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Review #1 #50
The following peer review was solicited as part of the Distill review process. The review was formatted by the editor to help with readability.
The reviewer chose to waive anonymity. Distill offers reviewers a choice between anonymous review and offering reviews under their name. Non-anonymous review allows reviewers to get credit for the service them offer to the community.
Distill is grateful to the reviewer, Pang Wei Koh, for taking the time to write such a thorough review.
I found the article interesting and thought-provoking, and the visualizations were eye-catching and very helpful. Thanks to the authors for putting in the effort to write this article and make all of the associated notebooks and visualizations!
There are two main ways that I think the article could be improved:
Here are more details on these.
I think the biggest missing thing is a big-picture view about why different parameterizations might lead to different results, and why we might prefer one type of parameterization over another. For example, after reading the intro, I was still not sure about the motivation for the work. The argument went something like, we should use different parameterizations because we can. But what are examples of different parameterizations and why would we expect them to work better/differently?
The most persuasive argument (to me) was the one advanced in the CPPN section: that parameterizations impose constraints upon the optimized image that fit more with the kinds of pictures we'd like to see. This could be: pictures that are more realistic (CPPN); pictures that obey some sort of 3D smoothness (style transfer 3D section); etc. A variant of this argument can also be applied to the shared parameterization section. So perhaps this intuition could be given at the start of the article, together with more signposting of the kinds of parameterizations that the rest of the article would consider.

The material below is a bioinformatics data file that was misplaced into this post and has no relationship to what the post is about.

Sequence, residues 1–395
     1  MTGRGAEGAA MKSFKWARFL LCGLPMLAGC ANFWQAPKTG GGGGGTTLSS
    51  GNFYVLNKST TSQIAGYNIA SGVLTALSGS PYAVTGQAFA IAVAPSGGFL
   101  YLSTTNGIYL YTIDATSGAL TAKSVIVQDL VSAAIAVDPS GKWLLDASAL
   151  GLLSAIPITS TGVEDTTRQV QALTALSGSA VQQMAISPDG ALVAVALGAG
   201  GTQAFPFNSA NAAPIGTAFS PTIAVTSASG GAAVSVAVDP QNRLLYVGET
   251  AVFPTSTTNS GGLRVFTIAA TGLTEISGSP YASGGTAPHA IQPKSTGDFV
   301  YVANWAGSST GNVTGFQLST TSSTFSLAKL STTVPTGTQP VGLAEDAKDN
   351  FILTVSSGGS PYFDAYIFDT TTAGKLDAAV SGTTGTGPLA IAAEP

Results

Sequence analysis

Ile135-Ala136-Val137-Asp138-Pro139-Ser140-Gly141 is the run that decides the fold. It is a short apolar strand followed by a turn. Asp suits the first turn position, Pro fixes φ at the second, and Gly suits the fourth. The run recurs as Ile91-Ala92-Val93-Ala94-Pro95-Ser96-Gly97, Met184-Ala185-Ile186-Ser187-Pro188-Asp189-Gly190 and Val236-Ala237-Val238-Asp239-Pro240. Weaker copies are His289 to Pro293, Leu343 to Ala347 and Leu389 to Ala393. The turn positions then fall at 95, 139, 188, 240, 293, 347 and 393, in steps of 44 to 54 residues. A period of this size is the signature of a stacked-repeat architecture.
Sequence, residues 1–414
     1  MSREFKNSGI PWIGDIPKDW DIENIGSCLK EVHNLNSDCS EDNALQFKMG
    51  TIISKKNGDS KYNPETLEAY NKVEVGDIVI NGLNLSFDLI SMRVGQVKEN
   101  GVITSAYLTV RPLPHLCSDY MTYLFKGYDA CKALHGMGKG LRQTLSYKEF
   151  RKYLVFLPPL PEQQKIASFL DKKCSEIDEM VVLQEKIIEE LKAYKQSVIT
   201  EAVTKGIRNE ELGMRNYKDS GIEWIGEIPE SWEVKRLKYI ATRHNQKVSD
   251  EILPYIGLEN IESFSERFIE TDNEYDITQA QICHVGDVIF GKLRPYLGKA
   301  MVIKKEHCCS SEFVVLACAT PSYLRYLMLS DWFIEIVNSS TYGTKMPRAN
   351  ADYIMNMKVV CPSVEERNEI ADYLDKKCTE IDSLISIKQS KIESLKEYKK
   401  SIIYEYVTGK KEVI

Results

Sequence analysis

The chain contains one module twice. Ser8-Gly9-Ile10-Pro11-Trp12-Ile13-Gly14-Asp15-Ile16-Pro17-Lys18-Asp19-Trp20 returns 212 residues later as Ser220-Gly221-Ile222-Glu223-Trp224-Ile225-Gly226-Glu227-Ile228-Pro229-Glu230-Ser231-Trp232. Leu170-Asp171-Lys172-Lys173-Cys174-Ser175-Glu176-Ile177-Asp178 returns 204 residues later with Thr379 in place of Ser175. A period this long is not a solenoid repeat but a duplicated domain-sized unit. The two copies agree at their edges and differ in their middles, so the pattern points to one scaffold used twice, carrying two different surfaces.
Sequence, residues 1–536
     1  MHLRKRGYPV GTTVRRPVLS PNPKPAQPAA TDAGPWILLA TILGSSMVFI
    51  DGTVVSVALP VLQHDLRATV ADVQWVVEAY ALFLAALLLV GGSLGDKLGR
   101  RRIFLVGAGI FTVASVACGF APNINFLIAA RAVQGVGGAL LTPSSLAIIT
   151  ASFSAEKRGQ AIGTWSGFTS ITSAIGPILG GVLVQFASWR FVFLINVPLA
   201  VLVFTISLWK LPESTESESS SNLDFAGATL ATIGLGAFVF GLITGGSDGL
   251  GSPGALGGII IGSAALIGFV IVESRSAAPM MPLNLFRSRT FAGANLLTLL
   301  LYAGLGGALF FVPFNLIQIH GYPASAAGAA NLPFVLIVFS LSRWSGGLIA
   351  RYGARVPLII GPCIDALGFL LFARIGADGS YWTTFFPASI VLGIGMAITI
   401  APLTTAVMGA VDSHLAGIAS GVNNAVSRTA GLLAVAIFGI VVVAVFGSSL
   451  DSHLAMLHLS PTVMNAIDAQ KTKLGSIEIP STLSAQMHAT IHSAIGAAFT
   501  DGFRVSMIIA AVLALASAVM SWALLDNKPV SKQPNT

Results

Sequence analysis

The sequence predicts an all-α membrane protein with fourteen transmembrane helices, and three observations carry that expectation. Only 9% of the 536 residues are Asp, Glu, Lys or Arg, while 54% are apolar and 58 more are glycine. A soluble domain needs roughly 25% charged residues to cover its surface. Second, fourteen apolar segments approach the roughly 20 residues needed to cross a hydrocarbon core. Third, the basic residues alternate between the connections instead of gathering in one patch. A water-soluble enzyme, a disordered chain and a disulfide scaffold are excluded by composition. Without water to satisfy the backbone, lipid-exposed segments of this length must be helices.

I found it hard to follow some parts of the article. The argument roughly makes sense, but it was difficult for me to precisely understand what the authors were trying to convey. For example, take the first paragraph of the second section (Aligned Neuron Interpolation):
Similarly, the article talks about a "decorrelated parameterization" that somehow works better, but doesn't explain why (except by a brief reference to checkerboard gradients, which I'm guessing a decorrelated parameterization doesn't suffer from, but I'm not sure why that would be the case).
I'd suggest going through the article carefully and making sure that every sentence clearly follows from the previous one, especially for someone with only the minimum level of background knowledge.
Comments on figures
First figure: I was initially a bit confused by why the RGB representation was in the middle of the figure, instead of on the left. (I realized later that you're using neural networks that still operate on the RGB representation; so perhaps it's worth clarifying that you're only considering different parameterizations for the visualization, instead of the training.)
Second/third figures: These were broken for me (see attached screenshot). I only saw grey blocks.
Fourth figure: For some choices of style/content, including the first/default one, the decorrelated space picture looked exactly the same as the image space picture (and both looked bad; see attached screenshot). Is this a bug?
CPPN figure: I can't see the last figure of this section (there's just a big blank space). I'm also not sure what objective you're optimizing for in this section -- how are the pictures being generated?
"to fuel a small artistic movement based neural art." -> "to fuel a small artistic movement based on neural art."
Thank you for the thoughtful review! We agree with your feedback, and it helped us focus on improving the weaknesses of our article. In particular:
We now provide a description of four different reasons while different parameterizations can be used. We then provide examples for all of them and, for each section, we mention in which of these four categories the developed parameterization falls. (PR #53; Commits: fb9fcb6, 6bb3446, 60d2642)
This was excellent feedback. This section in particular seems to have assumed a lot of prior knowledge about visualizing neuron interactions. We rewrote the section to address this in PR #64. We now also explicitly link to the much longer discussion of these ideas in the Feature Visualization article.
Great point! We revised the section to clarify this in #67. :)
We added a footnote to better explain the reference to the work of Olah et al. and we improved the description of the benefits w.r.t. a pixel space optimization
We Improved the caption to highlight that the parameterization goes beyond the RGB space for which the network is trained for. We also highlighted that, by using parameterizations that can be “plugged” to the RGB parameterization, we have more flexibility in optimizing for existing network architectures.
These problems should be fixed now.